Featuring 16 never-before-published short stories from genre luminaries like Peter F. Hamilton, Stephen Baxter, Paul Di Filippo, Ian Watson, and Neal Asher, this inaugural offering derives its power from its impressive thematic diversity. Hamilton's "If at First…" is a hard-boiled futuristic thriller featuring a veteran detective and a burglary case that involves the space-time continuum; "Four Ladies of the Apocalypse" by Brian Aldiss reworks Armageddon; and Di Filippo's "Personal Jesus" envisions a future where everyone owns a godPod -- a direct link to the Divinity Himself. Other noteworthy selections include "In His Sights" by Jeffrey Thomas, who revisits his signature realm of Punktown with an irony-filled splatterfest, and Asher's "Bioship," a strangely haunting story reminiscent of his novel The Skinner, where mariners aboard a sentient ship get in touch with their dark sides…

The launch of Solaris Books is nothing short of a godsend for genre fans on both sides of the pond who are searching for the ever-elusive "good stuff." If this exceptional anthology is any indication, the future of Solaris Books looks very bright indeed. Paul Goat Allen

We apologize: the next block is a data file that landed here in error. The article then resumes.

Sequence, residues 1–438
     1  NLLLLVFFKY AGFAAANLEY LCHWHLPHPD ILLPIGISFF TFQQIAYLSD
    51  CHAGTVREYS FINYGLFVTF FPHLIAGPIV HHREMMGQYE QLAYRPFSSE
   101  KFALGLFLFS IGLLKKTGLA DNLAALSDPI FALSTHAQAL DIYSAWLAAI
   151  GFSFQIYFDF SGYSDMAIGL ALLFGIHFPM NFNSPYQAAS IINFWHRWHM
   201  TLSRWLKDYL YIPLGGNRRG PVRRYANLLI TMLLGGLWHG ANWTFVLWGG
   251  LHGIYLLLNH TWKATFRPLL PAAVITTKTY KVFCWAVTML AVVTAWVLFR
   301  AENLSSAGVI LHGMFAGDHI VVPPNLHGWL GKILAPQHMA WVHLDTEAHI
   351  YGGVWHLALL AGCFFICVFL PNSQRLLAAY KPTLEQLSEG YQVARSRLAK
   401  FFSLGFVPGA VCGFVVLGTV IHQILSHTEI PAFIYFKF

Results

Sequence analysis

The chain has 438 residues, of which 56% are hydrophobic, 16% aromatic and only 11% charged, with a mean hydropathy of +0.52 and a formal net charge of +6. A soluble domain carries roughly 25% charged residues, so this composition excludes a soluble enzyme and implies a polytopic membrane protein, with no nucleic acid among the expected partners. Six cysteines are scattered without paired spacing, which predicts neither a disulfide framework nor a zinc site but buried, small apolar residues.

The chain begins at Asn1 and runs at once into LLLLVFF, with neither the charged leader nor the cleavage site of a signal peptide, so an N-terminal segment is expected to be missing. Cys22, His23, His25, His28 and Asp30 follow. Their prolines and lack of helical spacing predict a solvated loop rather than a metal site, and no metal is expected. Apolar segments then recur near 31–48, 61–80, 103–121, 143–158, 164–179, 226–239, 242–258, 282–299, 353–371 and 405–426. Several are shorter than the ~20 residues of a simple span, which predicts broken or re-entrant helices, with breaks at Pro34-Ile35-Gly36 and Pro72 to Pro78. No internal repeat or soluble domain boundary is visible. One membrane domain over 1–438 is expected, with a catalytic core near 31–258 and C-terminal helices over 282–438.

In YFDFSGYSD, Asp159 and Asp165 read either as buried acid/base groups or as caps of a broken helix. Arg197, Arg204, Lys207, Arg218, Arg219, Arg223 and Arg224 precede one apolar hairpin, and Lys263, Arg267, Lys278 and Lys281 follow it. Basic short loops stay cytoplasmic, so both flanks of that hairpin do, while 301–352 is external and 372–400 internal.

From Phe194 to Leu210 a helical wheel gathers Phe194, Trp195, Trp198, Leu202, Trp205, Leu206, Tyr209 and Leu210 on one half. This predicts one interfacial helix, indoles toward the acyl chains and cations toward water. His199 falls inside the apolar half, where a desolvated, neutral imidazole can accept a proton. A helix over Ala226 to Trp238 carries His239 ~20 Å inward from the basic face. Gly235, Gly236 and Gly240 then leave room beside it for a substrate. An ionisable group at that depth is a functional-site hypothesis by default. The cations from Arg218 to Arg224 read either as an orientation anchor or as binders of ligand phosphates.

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Product Details

  • ISBN-13: 9781844164486
  • Publisher: Rebellion
  • Publication date: 1/30/2007
  • Format: Mass Market Paperback
  • Pages: 416
  • Product dimensions: 6.70 (w) x 4.20 (h) x 1.10 (d)

Meet the Author

George Mann is the editor of The Mammoth Encyclopedia of Science Fiction and the author of two SF/Fantasy novels. He lives and works in Nottinghamshire, England.

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Customer Reviews

Average Rating 3.5
( 3 )
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Sort by: Showing all of 3 Customer Reviews
  • Anonymous

    Posted November 10, 2007

    A reviewer